Yes, it's true, improv teams have regularly scheduled practices. The best way to explain why we do this is to answer the most common questions about our practices.
"How can you practice making stuff up?"
Anyone can just make something up, but it takes a lot of practice to make up good stuff. As sad and pathetic as that sounds that's the easiest way to explain practicing improv. Not only do we practice standard improv rules over and over so they just become second nature to us, but we learn to make the more interesting decision in a scene. The best way to explain this is with an example. In real life we console people when they are upset or put themselves down. In an improv scene this is not interesting to watch so we basically do the opposite. In real life if your guy friend says, "I really screwed up that date" you tell them it's probably not as bad as they think. In an improv scene you can't do this because it's saying 'no' to what he said and it's not interesting. In improv you'll probably say, "Yeah you did. This restraining order already came in the mail."
"Is it really improv if you practice it?"
Yes. We aren't making up material for our next show. Anything we do in practice stays in practice. Those scenes are never brought up again in a show. Now if you're apart of a improv/sketch group and you have a great scene in practice then most likely someone will write it down so you can maybe perform it later for a sketch show. That's just part of the normal writing process. (Deep depression is also apart of the writing process.)
"Can you really teach someone to be funny?"
Short answer, no. Practicing improv isn't about learning to be funny. Most funny people have their own 'filter' that they view the world with. Practice is just a way to follow the rules and put them through your own 'filter'. There are tons of funny people who aren't good at improv. It takes a lot of practice to learn how to use your funny in scenes.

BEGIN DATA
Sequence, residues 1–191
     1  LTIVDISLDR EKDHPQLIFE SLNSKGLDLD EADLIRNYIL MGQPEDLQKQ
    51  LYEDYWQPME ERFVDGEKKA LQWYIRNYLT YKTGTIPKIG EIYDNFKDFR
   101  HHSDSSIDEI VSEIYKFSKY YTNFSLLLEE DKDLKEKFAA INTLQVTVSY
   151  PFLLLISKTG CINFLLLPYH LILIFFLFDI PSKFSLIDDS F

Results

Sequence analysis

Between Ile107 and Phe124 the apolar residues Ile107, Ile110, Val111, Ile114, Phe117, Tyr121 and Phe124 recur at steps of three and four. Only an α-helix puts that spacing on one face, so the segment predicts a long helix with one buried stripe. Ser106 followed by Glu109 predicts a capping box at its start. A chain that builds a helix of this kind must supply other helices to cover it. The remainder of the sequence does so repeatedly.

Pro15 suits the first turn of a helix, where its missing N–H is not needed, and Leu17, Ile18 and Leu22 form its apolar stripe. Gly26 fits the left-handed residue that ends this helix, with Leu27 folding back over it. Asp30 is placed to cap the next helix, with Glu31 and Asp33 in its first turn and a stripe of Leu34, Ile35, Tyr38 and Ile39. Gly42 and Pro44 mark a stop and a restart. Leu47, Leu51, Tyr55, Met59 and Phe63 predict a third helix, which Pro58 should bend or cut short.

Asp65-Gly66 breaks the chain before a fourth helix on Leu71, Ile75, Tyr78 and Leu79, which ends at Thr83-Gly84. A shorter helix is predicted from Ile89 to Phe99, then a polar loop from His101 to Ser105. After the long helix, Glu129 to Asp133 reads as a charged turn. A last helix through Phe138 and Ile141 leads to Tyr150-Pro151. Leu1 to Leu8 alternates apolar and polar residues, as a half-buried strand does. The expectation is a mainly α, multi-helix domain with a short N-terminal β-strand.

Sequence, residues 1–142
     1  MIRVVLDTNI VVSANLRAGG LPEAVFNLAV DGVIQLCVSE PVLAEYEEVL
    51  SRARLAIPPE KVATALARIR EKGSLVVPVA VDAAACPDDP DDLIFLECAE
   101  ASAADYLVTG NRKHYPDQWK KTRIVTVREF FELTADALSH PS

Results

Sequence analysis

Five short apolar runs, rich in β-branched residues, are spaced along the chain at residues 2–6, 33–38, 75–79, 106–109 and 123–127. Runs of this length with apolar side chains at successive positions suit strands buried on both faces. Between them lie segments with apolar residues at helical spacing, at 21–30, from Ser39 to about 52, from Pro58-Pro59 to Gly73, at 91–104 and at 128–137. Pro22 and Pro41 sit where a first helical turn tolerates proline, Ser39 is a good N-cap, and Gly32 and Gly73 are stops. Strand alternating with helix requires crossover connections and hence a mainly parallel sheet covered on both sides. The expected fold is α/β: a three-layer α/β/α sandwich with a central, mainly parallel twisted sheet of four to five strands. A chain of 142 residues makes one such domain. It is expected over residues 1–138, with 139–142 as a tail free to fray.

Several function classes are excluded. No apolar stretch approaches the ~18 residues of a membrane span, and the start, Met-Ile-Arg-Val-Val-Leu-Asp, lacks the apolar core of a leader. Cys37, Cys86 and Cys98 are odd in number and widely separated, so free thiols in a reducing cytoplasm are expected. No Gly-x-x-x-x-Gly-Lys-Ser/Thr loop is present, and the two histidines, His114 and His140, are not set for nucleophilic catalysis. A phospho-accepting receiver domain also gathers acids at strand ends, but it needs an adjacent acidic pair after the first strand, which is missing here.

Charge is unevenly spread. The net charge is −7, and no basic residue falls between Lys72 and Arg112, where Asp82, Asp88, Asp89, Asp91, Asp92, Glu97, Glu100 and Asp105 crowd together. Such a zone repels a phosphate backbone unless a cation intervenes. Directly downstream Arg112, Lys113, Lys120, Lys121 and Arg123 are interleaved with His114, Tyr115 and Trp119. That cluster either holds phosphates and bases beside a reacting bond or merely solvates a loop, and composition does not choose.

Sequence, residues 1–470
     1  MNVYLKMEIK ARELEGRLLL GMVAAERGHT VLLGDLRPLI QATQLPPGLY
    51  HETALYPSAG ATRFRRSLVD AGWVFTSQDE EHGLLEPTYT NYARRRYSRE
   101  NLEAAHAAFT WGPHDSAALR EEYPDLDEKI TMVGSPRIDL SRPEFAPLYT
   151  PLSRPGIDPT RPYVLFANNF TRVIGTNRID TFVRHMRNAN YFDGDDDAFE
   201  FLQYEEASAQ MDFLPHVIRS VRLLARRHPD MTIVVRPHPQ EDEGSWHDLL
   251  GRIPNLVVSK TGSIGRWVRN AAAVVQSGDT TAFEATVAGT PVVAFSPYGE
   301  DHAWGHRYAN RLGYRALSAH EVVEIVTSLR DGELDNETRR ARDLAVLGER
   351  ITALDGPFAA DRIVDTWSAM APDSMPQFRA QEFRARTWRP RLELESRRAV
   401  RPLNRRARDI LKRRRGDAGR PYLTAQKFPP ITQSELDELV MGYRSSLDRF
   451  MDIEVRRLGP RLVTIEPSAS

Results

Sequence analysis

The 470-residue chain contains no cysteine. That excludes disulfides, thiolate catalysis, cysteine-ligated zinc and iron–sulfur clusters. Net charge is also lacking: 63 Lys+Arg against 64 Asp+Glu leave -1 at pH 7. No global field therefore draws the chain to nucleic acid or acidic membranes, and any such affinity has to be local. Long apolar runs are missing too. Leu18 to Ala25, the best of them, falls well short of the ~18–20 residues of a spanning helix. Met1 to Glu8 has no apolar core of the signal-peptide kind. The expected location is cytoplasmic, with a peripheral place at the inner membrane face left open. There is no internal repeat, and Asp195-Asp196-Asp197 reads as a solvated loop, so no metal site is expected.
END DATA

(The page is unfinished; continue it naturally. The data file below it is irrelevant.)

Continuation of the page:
"Can't you just practice with another person and get better?"
If you're not an expert at improv you can only get so far just practicing with another person. It really helps to have an experienced person in the room who can teach you and help you become a better improvisor. That person is called a coach. You could also just practice by yourself and it's called improvsterbation.
"What's the difference between an improv class and an improv practice?"
In class you are learning the general rules of improv and sometimes the teacher will make you do exercises that specifically help you, but most of the time it's a general game or exercise. Improv practice is typically for your improv team. These are people that you will perform shows with so not only will you focus on stuff that makes you better at improv, but you'll work on stuff that will make you work better as a team. Oh, and class is more expensive.
Being a good improvisor means working muscles that you're not used to working in real life and training yourself to know how to react to different players and personalities. This requires a lot of practice. If you have any questions feel free to ask them in the comments section below.